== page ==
Worm Breeder's Gazette 10(2): 123
These abstracts should not be cited in bibliographies. Material contained herein should be treated as personal communication and should be cited as such only with the consent of the author.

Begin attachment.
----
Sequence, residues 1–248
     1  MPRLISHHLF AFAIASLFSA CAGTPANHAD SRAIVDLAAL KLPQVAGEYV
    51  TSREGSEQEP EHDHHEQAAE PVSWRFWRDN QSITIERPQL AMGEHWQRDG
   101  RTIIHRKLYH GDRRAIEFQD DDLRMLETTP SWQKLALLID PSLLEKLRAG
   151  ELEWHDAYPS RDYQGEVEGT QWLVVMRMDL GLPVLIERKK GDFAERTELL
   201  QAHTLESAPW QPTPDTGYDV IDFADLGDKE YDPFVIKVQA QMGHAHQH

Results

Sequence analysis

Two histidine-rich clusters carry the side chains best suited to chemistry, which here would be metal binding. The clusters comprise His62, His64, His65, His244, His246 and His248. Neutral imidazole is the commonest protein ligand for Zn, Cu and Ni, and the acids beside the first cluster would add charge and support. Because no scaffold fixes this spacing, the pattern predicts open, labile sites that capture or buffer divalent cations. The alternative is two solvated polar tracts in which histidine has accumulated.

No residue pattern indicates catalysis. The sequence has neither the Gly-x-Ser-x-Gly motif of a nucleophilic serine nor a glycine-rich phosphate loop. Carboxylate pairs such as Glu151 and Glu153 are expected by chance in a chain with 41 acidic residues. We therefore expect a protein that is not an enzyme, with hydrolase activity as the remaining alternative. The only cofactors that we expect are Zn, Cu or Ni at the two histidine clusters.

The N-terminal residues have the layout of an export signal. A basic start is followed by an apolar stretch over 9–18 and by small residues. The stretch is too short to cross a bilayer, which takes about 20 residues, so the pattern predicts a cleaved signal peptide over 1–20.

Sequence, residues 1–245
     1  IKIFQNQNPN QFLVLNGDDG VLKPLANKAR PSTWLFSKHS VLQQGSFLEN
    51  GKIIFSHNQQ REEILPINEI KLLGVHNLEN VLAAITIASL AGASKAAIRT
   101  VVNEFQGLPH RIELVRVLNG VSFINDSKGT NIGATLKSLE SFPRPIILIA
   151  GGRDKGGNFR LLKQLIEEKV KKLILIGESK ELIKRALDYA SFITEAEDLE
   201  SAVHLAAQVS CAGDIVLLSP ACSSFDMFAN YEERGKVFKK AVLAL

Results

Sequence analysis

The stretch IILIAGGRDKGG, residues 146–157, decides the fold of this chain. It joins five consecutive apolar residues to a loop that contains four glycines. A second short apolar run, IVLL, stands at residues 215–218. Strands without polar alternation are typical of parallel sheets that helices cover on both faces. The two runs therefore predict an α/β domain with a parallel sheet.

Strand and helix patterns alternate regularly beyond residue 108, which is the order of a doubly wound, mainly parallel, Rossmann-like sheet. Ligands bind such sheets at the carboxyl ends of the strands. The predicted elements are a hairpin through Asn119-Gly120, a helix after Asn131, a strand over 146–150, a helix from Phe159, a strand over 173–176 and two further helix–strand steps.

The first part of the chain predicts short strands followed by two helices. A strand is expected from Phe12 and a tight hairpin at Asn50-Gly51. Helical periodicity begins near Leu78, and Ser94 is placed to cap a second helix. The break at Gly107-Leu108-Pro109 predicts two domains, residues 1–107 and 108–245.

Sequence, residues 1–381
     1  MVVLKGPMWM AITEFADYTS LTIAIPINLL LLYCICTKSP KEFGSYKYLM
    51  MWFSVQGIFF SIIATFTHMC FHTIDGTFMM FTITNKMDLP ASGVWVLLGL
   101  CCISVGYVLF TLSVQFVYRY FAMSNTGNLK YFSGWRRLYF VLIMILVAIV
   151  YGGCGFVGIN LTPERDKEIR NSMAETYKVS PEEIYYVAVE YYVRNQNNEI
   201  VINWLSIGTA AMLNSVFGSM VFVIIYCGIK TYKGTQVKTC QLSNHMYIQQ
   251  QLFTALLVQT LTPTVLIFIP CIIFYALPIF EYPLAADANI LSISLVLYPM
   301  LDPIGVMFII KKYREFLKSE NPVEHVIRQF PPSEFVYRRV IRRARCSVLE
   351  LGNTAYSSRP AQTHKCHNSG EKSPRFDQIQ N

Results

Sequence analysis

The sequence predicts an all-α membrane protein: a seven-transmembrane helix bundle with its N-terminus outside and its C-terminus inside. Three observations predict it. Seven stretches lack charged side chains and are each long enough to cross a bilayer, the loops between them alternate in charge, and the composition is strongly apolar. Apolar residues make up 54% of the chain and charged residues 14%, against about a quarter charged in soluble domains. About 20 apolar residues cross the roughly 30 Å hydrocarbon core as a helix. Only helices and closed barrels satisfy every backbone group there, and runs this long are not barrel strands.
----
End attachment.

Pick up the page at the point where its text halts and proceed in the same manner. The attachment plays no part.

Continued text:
Beneath their smooth exteriors, nematodes have many developmental asymmetries in cell and axon migrations. For example, the Q neuroblasts and the hermaphrodite distal tip cells migrate anteriorward along the right side of the body wall but posteriorward along the left side. The ventral nerve cord is also asymmetrical in that the right fascicle is substantially larger than the left fascicle. This results, in part, from the asymmetric growth of the AVG pioneer axon along the right side of the ventral midline and its recruitment of later axons (R. Durbin and J. Thomson, 1987 CSH Abstracts, p.72). In wild type hermaphrodites, the right and the left distal tip cells first migrate anteriorward and posteriorward, respectively, along the ventral body muscles. Later, they turn dorsalward along the body wall, and finally, return posteriorward and anteriorward, respectively, along the dorsal body muscles (Figure 1). In unc-5 and unc-6 mutants, distal tip cells fail to migrate dorsalward and return along a ventral or lateral path instead. Cells which follow a ventral path are easily recognized because the advancing distal gonad displaces the dark intestine dorsalward. A curious observation is that distal tip cells, more frequently follow a ventral return path when on the left side of the body wall than on the right side (Figure 2). The 'better' performance of right (or anterior) distal tip cells might reflect the presence of a second guidance gradient in the head which is unaffected by these mutations. Alternatively, it could reflect a second gradient present throughout the animal which is tilted (dorsal leftward/ventral rightward) relative to the dorsal/ventral axis defined by hypodermal cell boundaries (Figure 3a). In the absence of the unc-5 and unc-6 products, distal tip cells might respond only to this residual, asymmetrical gradient (Figure 3b). A second asymmetry appears in unc- 40 mutants. In wild-type first stage larvae, the left and right rows of ventral hypodermal cells (Pn) interleave to form a single row In unc-40 mutants, and less frequently in unc 6 mutants, these cell intercalations sometimes fail. The frequency of failed intercalation appears to be about two-fold higher for cells on the right side of the body wall than those on the left side. The non-intercalated Pn cells may later undergo normal cell lineages to form ectopic neurons and lateral vulva-like protrusions which interrupt the row of seam cells. Such protrusions were mistakenly reported to arise from seam cells at the last CSH meeting.) Cells and axons which migrate asymmetrically in wild-type animals may be guided primarily by the conjectured tilted gradient. For example, the AVG axon may follow the ventral mid line rather than the anatomical midline. The assymetric migrations of the Q neuroblasts and distal tip cells could be explained if the tilt increases from anterior to posterior along the length of the animal. ( Figure 4) A single instruction (grow dorsalward) would then guide cells on the left and right sides in opposite directions along the body wall. [See Figures 1-4]